Here’s something to remember about America in the ‘70s and early ‘80s: we loved monkeys. And we’re a simian-loving people today, but back in the Carter/Reagan years? Holy moly! There were the Clint Eastwood orangutan movies (Any Which Way You Can and Every Which Way But Loose), there was Tony Danza’s rip-off of the Eastwood movies (Going Ape), and then there were the TV shows, including the three-season (!) B.J. and the Bear and Me and the Chimp. But none of them were quite as stupid as Mr. Smith (no relation to the LL Cool J album). This 13-episode NBC sitcom centered on Cha Cha the orangutan, who escapes from his traveling act and ends up in a research lab, where he drinks an intelligence serum, develops a speaking voice and 256 IQ, and (wait for it) becomes a political adviser. Mr. Smith was one of nine new shows in NBC’s 1983 fall line-up that became notorious for not yielding a single hit, but relief was around the corner Mr. Smith’s show runner Ed. Weinberger would return the following fall with the series that would save NBC, The Cosby Show.

Automan (1983-1984)

From its title, Automan sounds like a rip-off of Knight Rider, which debuted the previous year on NBC. But that was a fake-out it was actually a rip-off of Tron, which hit theaters in the summer of 1982. That movie took us deep into the world of computers and programmers and video games and all kinds of other cool stuff that felt like the future was happening right now. Which brings us to Automan (short for “Automatic Man”), the story of a computer programmer (played by Desi Arnaz Jr.) who develops a AI crime-fighting computer program that’s so super-awesome, it can actually leave the program and become a real person (Chuck Wagner), albeit with a weird glowing blue suit thingy that was not at all reminiscent of Tron. Automan only lasted 12 episodes on ABC, though its basic premise was apparently recycled for the Denzel Washington-Russell Crowe movie Virtuosity 11 years later (in another period of ill-advised computer-heavy sci-fi).

The Flying Nun (1967-1970)

Sally Field’s “you like me, you really, really like me” Oscar speech is one of the most frequently quoted (and frequently parodied) in that ceremony’s history — so much so that it’s easy to forget what it signified. It wasn’t easy for Field to be taken seriously as an actress she had plenty of less-than-prestigious projects behind her, from the Smokey and the Bandit movies to Beyond the Poseidon Adventure to her big break as TV’s Gidget. But all of those works paled in comparison to The Flying Nun, the three-season ABC sitcom in which Field played Elsie Etherington, a nun with, yes, the power of flight. No, the title wasn’t some sort of religious metaphor — it really was a television series about a nun who could fly, which made it, according to David Hofstede’s invaluable book What Were They Thinking: The 100 Dumbest Events in Television History, “the dumbest concept ever for a television series.”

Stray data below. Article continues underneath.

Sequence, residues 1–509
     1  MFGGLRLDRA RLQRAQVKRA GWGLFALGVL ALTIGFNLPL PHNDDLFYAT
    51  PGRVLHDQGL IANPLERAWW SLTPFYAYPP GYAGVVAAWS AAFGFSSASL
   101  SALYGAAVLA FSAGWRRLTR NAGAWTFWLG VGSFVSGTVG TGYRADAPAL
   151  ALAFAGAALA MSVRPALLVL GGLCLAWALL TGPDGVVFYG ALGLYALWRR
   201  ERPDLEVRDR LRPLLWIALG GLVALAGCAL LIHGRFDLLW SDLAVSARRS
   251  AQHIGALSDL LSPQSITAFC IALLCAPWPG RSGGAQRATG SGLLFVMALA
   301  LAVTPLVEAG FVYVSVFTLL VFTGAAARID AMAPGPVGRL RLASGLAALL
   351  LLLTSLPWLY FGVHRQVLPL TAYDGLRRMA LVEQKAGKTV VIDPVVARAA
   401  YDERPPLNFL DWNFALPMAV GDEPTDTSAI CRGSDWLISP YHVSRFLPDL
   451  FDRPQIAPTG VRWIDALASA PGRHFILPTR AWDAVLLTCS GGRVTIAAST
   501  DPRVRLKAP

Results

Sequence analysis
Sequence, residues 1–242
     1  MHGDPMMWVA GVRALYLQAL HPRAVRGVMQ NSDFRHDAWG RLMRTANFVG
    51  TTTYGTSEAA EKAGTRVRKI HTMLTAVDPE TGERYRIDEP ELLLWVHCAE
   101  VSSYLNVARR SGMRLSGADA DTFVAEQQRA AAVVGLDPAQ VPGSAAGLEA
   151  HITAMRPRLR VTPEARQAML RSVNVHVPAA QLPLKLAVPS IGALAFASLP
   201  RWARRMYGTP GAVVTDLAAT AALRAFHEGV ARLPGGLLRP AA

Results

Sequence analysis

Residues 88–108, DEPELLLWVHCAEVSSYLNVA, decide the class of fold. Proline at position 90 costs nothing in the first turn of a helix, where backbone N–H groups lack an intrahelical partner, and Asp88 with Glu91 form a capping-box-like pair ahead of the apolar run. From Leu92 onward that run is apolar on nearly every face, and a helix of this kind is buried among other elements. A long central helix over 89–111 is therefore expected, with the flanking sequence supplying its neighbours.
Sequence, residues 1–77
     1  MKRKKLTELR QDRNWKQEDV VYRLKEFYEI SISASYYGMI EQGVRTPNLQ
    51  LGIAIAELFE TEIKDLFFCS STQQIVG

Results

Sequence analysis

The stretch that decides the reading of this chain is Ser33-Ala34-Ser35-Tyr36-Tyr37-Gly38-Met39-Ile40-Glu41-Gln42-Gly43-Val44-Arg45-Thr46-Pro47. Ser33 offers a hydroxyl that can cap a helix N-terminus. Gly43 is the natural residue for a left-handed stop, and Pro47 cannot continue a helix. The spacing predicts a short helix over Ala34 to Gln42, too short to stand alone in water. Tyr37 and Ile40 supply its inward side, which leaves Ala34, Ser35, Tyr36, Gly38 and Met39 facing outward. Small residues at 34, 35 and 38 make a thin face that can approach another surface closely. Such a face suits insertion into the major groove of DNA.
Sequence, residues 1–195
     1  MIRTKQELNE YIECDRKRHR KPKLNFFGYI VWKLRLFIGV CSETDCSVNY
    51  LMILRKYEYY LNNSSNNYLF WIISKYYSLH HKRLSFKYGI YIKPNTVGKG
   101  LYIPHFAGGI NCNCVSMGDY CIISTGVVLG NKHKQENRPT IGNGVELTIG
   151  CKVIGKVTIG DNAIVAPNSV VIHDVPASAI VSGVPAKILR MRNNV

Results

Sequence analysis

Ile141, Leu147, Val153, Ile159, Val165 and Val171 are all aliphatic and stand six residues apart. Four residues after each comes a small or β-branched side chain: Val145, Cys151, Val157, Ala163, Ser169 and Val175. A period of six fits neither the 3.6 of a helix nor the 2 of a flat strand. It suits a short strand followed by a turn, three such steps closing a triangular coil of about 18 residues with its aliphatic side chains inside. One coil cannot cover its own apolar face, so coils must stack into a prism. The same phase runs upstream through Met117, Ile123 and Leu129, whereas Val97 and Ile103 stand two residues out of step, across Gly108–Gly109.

Hole in the Wall (2008-2012)

Then again, that book was written four years before the debut of Hole in the Wall, which Fox adapted from a Japanese game show called Nōkabe, and once again, the entire dumb concept is right there in the entire dumb title: the object of the game is for contestants to contort themselves in order to fit through person-sized holes in a wall (y’know, the kind that cartoon characters leave when they make an exit in a hurry). That is, no kidding, pretty much the game and the show, though there are variations like “Double Wall,” “Speed Wall,” and “Blind Wall.” Believe it or not, Americans did not rush to their television to see people squeeze through holes in walls, and Fox canceled the show after less than a season. But Cartoon Network knew not to let a stupid thing die — they picked up the show and aired it for four additional seasons.